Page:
From his many writings about his own experiences, we know that he was determined to get well paid for his work. He came from a well-off background but sought independence. He switched careers, from law to government adviser so as to be able to earn more (which made sense then; today the trajectory might be in the opposite direction. He coped with serious setbacks. His first novel was extremely popular but he made no money from it because of inadequate copyright laws. Later, he negotiated better contracts. He was very competent in financial matters and kept meticulous records of his income and expenditure. He liked what money could buy — including … a stylish house-coat (his study has no heating). But for all this, money and money worries did not dominate his inner life. He wrote with astonishing sensitivity about love and beauty. He was completely realistic and pragmatic when it came to money but this did not lead him to neglect the worth of exploring bigger, more important concepts in life.
In 1908, Kafka landed a position at the Workers’ Accident Insurance Institute in Prague, where he was fortunate to be on the coveted “single shift” system, which meant office hours from 8 or 9 in the morning until 2 or 3 in the afternoon. This was a distinct improvement over his previous job, which required long hours and frequent overtime. So how did Kafka use these newfound hours of freedom? First, lunch; then a four-hour-long nap; then 10 minutes of exercise; then a walk; then dinner with his family; and then, finally, at 10:30 or 11:30 at night, a few hours of writing—although much of this time was spent writing letters or diary entries.
Dear Mr Clements,
As an Irish admirer of yours who has travelled 4000 miles mainly to see you, may I request the privilege of calling on you to pay my respects.
Indeed I might claim this as a right. Here is the proof: Twenty four years ago a little Irish boy lay dying in a Liverpool hospital. The nurse spoke to him very kindly — a bad sign –& asked if there was anything he would like, which was even worse. In hospitals politeness is saved only for those who will soon be beyond the need of it. He wearily asked for a book to read, & they gave him “Babylon” by Grant Allen. There was a quaint American interest in the book which made the boy discover America for the first time. Before that it had been only a place on a map. Then he became interested, threw the first book away, & demanded one about America –& they gave him Huckleberry Finn. He read it, & laughed, & laughed, & laughed, until he fell into the first sound sleep he had had for a fortnight. When he awoke twenty six years later — it was only hours, but it seemed years since he had read the book — he hollered for it again, & got it, & had some breakfast, the first for a week, The nurse was rude to him but he didn’t mind — he had Huckleberry under his pillow. This is why he didn’t pay much attention to the doctor’s remark that it was a miraculous recovery, & Nature still had a fat purseful of miracles left. The boy only grinned, & knew better: it was Mark Twain.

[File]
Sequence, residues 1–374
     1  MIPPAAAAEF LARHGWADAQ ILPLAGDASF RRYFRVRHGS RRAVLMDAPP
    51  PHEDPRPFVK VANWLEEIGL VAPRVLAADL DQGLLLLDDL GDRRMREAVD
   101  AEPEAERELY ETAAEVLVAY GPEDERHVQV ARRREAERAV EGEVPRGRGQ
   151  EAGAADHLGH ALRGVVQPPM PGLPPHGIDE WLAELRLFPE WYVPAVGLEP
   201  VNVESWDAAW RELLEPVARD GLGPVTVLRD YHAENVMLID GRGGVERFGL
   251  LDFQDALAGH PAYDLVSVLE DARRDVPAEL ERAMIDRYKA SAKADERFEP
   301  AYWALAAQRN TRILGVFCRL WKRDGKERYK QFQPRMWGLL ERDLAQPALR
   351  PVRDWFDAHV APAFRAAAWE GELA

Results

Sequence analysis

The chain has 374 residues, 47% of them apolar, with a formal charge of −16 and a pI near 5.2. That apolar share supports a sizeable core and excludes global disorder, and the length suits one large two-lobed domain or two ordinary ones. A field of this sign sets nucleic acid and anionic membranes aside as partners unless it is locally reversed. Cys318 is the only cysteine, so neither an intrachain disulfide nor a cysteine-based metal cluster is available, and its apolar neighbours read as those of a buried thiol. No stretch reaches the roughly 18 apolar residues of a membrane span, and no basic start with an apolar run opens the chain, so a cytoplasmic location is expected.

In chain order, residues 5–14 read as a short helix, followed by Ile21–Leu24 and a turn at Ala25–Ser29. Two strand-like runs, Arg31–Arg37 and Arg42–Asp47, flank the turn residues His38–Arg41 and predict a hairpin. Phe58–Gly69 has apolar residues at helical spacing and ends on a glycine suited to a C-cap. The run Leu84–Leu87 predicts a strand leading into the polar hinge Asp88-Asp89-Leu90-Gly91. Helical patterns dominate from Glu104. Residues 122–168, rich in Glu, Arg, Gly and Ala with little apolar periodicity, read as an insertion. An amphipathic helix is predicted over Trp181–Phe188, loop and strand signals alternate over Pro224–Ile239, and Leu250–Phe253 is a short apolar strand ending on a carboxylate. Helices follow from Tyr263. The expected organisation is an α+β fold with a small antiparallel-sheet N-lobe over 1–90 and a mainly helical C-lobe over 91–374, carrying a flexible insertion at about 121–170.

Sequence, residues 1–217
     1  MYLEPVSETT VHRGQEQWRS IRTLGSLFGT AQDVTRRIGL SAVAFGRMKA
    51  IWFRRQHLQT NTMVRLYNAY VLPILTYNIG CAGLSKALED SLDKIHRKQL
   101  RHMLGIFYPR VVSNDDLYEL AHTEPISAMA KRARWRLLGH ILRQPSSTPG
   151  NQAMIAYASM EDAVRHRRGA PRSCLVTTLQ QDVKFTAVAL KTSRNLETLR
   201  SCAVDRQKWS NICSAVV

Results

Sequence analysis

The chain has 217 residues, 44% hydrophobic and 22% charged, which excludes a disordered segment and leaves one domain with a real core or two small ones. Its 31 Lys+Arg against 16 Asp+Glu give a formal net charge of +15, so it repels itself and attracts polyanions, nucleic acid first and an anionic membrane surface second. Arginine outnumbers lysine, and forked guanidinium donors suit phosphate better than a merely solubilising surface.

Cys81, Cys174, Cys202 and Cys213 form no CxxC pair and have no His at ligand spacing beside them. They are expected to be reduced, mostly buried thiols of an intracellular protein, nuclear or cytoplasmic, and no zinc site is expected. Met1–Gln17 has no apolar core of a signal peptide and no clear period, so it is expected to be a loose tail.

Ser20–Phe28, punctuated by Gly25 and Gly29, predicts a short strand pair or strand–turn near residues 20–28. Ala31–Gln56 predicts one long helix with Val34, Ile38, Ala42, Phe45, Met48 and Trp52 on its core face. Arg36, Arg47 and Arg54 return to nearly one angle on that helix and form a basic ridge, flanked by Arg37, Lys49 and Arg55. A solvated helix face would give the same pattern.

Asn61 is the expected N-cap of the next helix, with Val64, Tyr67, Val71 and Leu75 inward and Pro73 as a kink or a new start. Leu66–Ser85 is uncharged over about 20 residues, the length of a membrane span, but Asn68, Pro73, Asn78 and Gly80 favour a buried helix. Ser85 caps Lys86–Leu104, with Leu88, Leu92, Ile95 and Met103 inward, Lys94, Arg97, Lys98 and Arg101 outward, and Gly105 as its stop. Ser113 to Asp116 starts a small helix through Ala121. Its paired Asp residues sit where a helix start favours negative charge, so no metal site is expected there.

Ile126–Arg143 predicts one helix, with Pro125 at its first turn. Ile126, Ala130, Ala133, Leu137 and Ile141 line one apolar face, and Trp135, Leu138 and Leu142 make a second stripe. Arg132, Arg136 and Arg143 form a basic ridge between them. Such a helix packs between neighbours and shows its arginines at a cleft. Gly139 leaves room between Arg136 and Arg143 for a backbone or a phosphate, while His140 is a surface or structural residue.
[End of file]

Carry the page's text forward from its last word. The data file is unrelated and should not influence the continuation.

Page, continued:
1. Mark Twain - “He had his leather bound notebooks custom made according to his own design idea. Each page had a tab; once a page had been used, he would tear off its tab, allowing him to easily find the next blank page for his jottings”
2. Charles Darwin - “The notebooks were filled with memorandum to himself on things to look further into, questions he wanted to answer, scientific speculations, notes on the many books he was currently reading, natural observations, sketches, and lists of the books he had read and wanted to read. But the progression is far from orderly: the entries are chaotically arranged and wide-ranging; they jump from one scientific subject to the next and are interspersed with notes on correspondences and conversations. He would rest the notebook on his desk and write horizontally down the page with a pen, and, like Isaac Newton, he would sometimes start in from both ends of the notebook at once and work towards the middle.
3. Jack Kerouac - The notebook entry reads:
“Ginsberg — intelligent enuf, interested in the outward appearance & pose of great things, intelligent enuf to know where to find them, but once there he acts like Jerry Newman, the photographer anxious to be photographed photographing —— Ginsberg wants to run his hand up the backs of people, for this he gives and seldom takes — He is also a mental screwball
*(Tape recorder anxious to be tape recorded tape recording) (like Seymour Barab anxious to have his name in larger letters than Robert Louis Stevenson, like Steinberg & Verlaine Rimbaud Baudelaire”
4. Ernest Hemingway - The notebook entry reads:
“My name is Ernest Miller Hemingway
I was born on July 21, 1899
My favorite authors are Kipling, O. Henry and Steuart Edward White.
My favorite flower is lady slipper and tiger lily.
My favorite sports are trout fishing, hiking, shooting, football and boxing.
My favorite studies are English, zoology and chemistry.
I intend to travel and write.”
On January 29 in 1845, “The Raven” was published in the New York Evening Mirror. It obviously follows that we should bring you a recording of Christopher Walken reading Poe’s poem.
Well, it is a day late, but yes; it does indeed follow.
To acquire the habit of reading is to construct for yourself a refuge from almost all the miseries of life.
Almost a full decade into the new millennium, the University remained in the...
Anonymous asked: In the ASiB commentary, it is said that "above the bed are the rules of (batsu?), the Japanese martial art, which actually got Sherlock out of the Reichenbach Fall."
Baritsu, as whoever rightfully said, is a form of mixed martial art which Holmes used in the The...